• Tzolk’in: The Mayan Calendar (Rio Grande Games, 2-4  players, 90 minutes hours): My other favorite euro of the year, Tzolk’in has one of the best board game gimmicks in recent memory: a set of interlocking gears that completely regulate the gameplay.  You can read my full review at Playtest.  [Boardgame Geek | Amazon Funagain]
image
Tzolk’in: The Mayan Calendar 
  • Agricola: All Creatures Big and Small (Z-Man games, 2 players, 30 minutes):  Agricola is a huge, sprawling, complex game, in which 2-5 players have to manage seven types of resources while trying to eke out an existence on a 17th century farm; Agricola: All Creatures Big and Small, on the other hand, is its adorable little nephew, allowing two players to just focus on the fun part of farming: chilling with the livestock. To that end the players take turns building fences, constructing stables, and raising sheep, pigs, cows, and horses. And what happens if you have two animals of the same kind at the end of the round? Yay, babies! [Boardgame Geek | Amazon | Funagain]
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Other Opinions

Don’t trust the yeti? Here are the highlights of some other “2013 best game of the year” lists. German Game of the Year:

Deutscher Spiele Preis (the “other” German Game of the Year award):

International Gamers Awards:

GAMES Magazine Awards:

  • Abstract Strategy GameKulami
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Where to Buy

I dunno about your hometown, but board game stores have recently been cropping up in Seattle like toadstools after a rain. Plug “games” into Google Maps and see what you get. As for online, Amazon now carries just about everything I recommend. Funagain Games is one of the oldest board game retailers and remains one of the best. Others that I’d recommend include:

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Need additional info, or want a more specific recommendation? Don’t hesitate to drop me a line.

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Halloween

My son doesn’t really understand holidays, but he enjoys their trappings, Christmas carols and Easter egg hunts. Halloween is his favorite, with its pumpkins, candy, and monsters especially.

When my son was younger we read him books about poky little puppies, and very shy kittens, and donkeys with magic pebbles. But his favorites were those about monsters. We went through two copies of The Story of GrowlMy Monster Mama Loves Me So was in heavy rotation for a while, and, like most children, he is an enthusiast of The Monster at the End of This Book.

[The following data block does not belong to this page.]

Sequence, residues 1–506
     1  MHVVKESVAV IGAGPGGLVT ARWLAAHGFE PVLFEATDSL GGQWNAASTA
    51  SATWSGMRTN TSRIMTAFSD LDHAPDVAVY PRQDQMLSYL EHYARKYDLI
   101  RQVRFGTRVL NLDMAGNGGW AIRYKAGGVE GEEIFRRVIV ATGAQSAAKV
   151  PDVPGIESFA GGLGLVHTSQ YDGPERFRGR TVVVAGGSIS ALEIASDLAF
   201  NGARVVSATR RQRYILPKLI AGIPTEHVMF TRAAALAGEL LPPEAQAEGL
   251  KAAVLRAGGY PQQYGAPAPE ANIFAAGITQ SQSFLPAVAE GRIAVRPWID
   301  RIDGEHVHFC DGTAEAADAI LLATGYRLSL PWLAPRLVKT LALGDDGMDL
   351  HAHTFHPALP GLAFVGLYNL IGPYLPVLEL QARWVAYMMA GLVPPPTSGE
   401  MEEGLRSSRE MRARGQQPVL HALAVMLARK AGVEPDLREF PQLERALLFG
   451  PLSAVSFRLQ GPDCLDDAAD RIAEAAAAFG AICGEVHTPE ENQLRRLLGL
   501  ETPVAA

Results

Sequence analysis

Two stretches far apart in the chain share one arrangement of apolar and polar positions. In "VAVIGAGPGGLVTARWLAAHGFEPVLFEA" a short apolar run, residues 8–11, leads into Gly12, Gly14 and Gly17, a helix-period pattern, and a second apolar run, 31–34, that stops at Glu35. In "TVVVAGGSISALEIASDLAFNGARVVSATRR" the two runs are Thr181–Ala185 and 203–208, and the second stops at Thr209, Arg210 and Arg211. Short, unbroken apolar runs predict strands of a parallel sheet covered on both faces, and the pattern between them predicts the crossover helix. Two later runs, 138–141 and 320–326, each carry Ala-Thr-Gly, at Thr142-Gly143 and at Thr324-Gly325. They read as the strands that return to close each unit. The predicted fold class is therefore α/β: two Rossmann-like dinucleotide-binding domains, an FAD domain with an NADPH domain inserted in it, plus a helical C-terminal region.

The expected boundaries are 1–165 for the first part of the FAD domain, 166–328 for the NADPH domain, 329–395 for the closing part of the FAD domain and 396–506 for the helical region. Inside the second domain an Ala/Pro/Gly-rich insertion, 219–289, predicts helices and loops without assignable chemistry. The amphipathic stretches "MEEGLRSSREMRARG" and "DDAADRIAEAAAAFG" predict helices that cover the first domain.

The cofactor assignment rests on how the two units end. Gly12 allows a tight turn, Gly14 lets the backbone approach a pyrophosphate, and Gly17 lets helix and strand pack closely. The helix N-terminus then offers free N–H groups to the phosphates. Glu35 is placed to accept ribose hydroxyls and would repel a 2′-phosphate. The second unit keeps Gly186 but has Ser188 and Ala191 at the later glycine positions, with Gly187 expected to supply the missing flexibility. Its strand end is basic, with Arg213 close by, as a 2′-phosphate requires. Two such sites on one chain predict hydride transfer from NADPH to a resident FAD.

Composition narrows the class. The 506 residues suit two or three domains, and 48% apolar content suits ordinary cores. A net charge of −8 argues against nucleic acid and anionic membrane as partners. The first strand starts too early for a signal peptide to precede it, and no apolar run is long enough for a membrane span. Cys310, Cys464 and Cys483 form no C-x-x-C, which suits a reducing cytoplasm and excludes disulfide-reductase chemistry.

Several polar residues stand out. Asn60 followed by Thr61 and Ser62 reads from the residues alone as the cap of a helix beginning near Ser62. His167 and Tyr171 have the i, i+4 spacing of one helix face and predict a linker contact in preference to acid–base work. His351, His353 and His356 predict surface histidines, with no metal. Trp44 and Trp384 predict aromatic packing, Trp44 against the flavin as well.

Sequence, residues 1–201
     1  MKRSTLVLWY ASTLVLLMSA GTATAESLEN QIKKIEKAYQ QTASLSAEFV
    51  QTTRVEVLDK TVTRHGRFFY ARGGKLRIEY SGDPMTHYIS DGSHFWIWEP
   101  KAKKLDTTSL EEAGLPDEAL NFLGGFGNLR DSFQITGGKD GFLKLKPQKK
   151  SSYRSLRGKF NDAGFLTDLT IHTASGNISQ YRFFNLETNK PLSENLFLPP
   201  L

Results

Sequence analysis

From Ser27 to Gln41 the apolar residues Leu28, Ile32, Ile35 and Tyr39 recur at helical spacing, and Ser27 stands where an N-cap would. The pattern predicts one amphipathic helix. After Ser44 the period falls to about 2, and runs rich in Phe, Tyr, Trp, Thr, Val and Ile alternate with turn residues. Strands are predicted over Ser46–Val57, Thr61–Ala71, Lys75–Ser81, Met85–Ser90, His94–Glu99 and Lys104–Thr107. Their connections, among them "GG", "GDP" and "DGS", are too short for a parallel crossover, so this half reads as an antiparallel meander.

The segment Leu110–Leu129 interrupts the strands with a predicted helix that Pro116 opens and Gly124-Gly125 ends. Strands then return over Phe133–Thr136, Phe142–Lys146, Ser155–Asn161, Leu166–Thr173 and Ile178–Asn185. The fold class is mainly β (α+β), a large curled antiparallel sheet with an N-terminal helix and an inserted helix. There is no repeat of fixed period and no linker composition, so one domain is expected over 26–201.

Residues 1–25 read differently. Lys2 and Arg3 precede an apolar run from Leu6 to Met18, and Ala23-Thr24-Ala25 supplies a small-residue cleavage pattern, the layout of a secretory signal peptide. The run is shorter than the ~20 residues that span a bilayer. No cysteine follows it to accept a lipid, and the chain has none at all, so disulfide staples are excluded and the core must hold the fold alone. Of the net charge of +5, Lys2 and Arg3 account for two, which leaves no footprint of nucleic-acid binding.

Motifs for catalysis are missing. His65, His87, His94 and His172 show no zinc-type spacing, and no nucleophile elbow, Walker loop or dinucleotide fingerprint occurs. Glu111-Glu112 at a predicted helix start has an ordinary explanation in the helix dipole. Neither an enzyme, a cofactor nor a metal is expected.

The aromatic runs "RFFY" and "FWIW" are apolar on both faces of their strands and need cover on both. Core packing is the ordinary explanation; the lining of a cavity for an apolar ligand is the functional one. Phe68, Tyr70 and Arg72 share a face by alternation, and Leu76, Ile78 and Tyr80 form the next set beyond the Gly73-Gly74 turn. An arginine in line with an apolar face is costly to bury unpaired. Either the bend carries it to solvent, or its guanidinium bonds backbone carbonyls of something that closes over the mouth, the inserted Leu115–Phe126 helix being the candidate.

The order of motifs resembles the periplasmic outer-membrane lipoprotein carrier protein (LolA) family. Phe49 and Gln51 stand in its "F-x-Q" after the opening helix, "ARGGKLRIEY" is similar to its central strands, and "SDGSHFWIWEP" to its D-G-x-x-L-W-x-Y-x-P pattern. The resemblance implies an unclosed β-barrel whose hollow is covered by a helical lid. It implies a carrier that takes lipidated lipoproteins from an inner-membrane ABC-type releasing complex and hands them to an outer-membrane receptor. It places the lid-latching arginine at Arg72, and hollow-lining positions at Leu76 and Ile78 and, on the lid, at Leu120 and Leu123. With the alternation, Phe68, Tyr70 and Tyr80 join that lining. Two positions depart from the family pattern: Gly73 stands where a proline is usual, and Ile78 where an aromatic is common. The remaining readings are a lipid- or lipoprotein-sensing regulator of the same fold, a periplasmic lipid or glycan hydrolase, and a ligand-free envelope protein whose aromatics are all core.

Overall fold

And his fandom transcends the literary. His “monster blanket” — a quilt with a mosaic of smiling creatures — is one of his few material possessions to which he has a strong attachment. He enjoys playing Go Away Monster! He has monsters on his posters and on his backpack. One year for Halloween we even dressed him as Max from Where The Wild Things Are, a role he was seemingly born to play.

image

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The roles that monsters and clowns play in childhood seem to have transposed in recent decades (since the advent of Elmo and Stephen King’s It, I reckon). Even so, my son’s affinity for former seems greater than most. He certainly shows no fear of them.

In fact, he is overtly frightened of little. He was so fearless about heights when younger that we wondered if he truly understood the danger that they posed, and I was reluctant to let him ascend to the top of the huge climbing structure in our local playground. One day I relented, though, and allowed him to climb to the top while I flitted about directly below, ready to break his fall should he slip. In the end it became clear that he is as attuned to the perils of heights as any other kid, and that my fear had been unnecessary.

He is also bereft of social fear, for want of a better phrase. He doesn’t worry about fitting in, or if he has too few friends, or if he lacks the cool new status symbol. He seems unconcerned with how others view him, or how they might treat him. I don’t know if he understands the concept of the future, but, if so, it does not weigh on his mind.

But here again my wife and I scurry around, fearing on his behalf. We arrange play dates with his classmates so that he has friends. We fret about teasing and bullying. We worry that, if someone were to hurt him, he wouldn’t think (or know how) to tell someone.